In line with 21st century learning, Richland students are investigating problem-solving and exploring hands-on mathematics that can be applied to real life situations. Grade 4-6 Math and Science Teacher, Mrs. Pamenter, considers the interests of the students when organizing her math lessons because she appreciates math as “structured and spiralled.” Our Grade 4 students are using a problem-solving method, called Bansho, to define specific problems and build on the previous practices that they have learned. In this way they look at the past to help them ‘shape’ their future. Taking the student’s math objectives and making them practical, the Grade 4 and 5/6 classes are enjoying ‘Practical Application Mathematics’ in their exciting math projects, “Zoo Project: Measurement and Geometry in Action” and “Dramatic Mathematics: Bringing the Dramatic Flare to Mathematics,” respectively. In these projects, the students have to think about why they are doing what they do, making it vastly different than textbook math.
Bansho is a practical way of approaching problem-solving by learning different processes. Children work in small groups and use strategies, such as visualizing and creating lists, to help them solve problems (note: there are ten strategies in total). As the program develops, the strategies reveal themselves, and because strategies are interchangeable but do not all necessarily work in every situation, students develop skills that help them uncover which one will work best. Other grades also apply this problem-solving method to their math studies by activating prior knowledge that is suitable to their grade level. For example, when studying math, the Grade 5/6 students are asked to explore their answers and explain why it is the answer based on theories and proofs (“How did you know?”; “Prove it”), while their Learning Buddies, the Grade 1 students, converse and break things down (“Are you sure?”).
The Grade 4 “Zoo Project” examines the relationship between measurement and geometry and builds on the students’ research skills. There is a ‘story’ that goes with this project in which the students are ‘Architects’ who have been hired by Metro Toronto Zoo to design their newest exhibit. In this long-term project, students use their knowledge of technology, measurement and geometry to ultimately create and present their own accurate exhibits. The different steps- as outlined to the students- include: ‘Planning for Your New Arrivals,’ where students research and choose five animal pairs and study their habitats; ‘Enclosure Design,’ where they decide on five regular polygons that will meet the needs of each animal; developing a ‘Zoo-Print’ (=blueprint) for their exhibit, taking into account all elements, including footpaths; ‘Presenting to the ‘Board of Directors”,’ using the SmartBoard to present their ideas to the group, and; after the “Board of Directors” have decided on an ‘Architect,’ each group will measure and construct the chosen enclosure while exploring ‘Area, Angles and Architecture.’ At the completion of this project, students will examine their experiences and consider what they learned, the biggest challenges they faced and what advice they would offer future students working on this project.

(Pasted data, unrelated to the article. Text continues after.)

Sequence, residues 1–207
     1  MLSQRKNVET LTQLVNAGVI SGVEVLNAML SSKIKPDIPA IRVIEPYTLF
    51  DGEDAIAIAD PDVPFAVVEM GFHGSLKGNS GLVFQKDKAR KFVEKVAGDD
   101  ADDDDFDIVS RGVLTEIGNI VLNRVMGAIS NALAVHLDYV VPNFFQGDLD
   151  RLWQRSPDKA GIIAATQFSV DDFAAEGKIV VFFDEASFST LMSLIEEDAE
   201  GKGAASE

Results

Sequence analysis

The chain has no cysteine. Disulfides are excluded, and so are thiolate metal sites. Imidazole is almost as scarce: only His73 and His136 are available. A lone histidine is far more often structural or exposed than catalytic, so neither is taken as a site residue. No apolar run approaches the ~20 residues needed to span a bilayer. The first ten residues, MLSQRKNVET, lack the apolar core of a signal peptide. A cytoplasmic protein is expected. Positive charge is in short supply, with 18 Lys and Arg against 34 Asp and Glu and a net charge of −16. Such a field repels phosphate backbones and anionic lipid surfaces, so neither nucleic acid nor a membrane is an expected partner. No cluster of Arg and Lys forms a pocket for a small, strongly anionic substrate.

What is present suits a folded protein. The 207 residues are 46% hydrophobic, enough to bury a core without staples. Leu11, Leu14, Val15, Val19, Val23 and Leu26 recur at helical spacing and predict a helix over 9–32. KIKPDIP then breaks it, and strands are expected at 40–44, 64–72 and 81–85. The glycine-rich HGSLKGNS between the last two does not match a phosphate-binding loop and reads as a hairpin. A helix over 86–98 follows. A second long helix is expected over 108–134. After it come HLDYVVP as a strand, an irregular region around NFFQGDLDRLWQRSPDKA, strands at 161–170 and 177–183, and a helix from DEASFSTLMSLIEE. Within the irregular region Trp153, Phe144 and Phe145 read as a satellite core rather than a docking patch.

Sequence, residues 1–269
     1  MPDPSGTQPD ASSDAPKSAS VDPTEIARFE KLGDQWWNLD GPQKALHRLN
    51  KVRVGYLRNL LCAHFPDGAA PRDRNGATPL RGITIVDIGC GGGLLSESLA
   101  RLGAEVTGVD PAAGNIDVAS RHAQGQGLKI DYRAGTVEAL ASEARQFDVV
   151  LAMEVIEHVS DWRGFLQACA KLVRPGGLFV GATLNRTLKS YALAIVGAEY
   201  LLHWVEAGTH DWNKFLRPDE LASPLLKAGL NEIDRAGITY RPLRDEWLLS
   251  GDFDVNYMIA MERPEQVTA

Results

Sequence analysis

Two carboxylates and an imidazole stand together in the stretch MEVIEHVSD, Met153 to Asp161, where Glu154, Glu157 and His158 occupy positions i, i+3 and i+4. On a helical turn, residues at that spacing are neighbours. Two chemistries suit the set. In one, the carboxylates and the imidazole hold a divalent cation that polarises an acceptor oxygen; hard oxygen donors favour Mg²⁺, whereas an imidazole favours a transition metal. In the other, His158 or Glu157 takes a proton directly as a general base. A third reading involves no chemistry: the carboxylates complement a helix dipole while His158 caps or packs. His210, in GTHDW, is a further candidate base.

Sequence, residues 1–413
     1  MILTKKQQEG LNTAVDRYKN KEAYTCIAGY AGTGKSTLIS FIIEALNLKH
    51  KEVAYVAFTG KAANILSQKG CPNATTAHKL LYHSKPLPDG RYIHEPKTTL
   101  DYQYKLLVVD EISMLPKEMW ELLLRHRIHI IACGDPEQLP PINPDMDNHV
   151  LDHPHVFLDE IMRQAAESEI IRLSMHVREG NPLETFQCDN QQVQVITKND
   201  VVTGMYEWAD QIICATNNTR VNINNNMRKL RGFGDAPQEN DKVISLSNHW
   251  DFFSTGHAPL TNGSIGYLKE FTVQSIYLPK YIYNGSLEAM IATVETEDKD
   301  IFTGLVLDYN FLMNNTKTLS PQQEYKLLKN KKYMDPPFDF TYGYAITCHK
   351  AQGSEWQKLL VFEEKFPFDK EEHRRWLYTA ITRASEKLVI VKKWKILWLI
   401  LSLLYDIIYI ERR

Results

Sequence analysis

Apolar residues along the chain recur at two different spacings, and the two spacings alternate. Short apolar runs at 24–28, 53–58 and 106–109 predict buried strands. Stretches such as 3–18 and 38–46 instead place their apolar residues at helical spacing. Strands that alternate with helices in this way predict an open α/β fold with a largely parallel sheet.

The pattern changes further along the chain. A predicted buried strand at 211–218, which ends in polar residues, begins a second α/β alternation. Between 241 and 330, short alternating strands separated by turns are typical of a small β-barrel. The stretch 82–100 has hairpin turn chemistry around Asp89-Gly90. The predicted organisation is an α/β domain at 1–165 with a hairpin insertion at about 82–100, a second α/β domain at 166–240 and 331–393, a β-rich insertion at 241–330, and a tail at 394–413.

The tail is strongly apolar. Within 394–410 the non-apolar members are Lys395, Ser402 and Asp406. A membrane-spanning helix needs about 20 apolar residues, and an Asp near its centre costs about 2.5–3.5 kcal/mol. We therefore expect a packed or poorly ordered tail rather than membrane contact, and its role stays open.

The Grade 5/6 “Dramatic Mathematics” Project, where students have designed and created puppet theatres, brilliantly marries Dramatics Arts with Mathematics. The goal was for students to create a puppet theatre that could be used by Kindergarten students in future years, using mathematics skills, such as measurement, numeration, and algebraic problem-solving. The different steps included: establishing benchmarks for estimation; using conversion methods (metric vs. imperial); planning the puppet theatre, keeping in mind the approximate height and width of the person they are designing the theatre for and the amount of room they will need to move comfortably; researching materials and developing a cost analysis for their theatre; being measured on their ability to follow-through with their plan, and; using area and perimeter to consider the placement and exterior design of the theatre. A written reflection will have students thinking about how they think the kindergarten class will react to the puppet theatre for the first time, why this project is considered both a math and drama one, what challenges they faced as they designed and built their theatre, and what advice they would offer to future students doing a project like this.
The practicality of these unique math projects, among many others, is what makes them quite exceptional. Do you remember the last time you were genuinely energized about math? Richland students are excited to learn because they are engaged in hands-on learning that fosters a life-long love of learning. We are pleased to offer our students exceptional opportunities like this that allow them to expand their educational scope.
Prepared by: Melissa M. Mirabelli, Marketing & Events Coordinator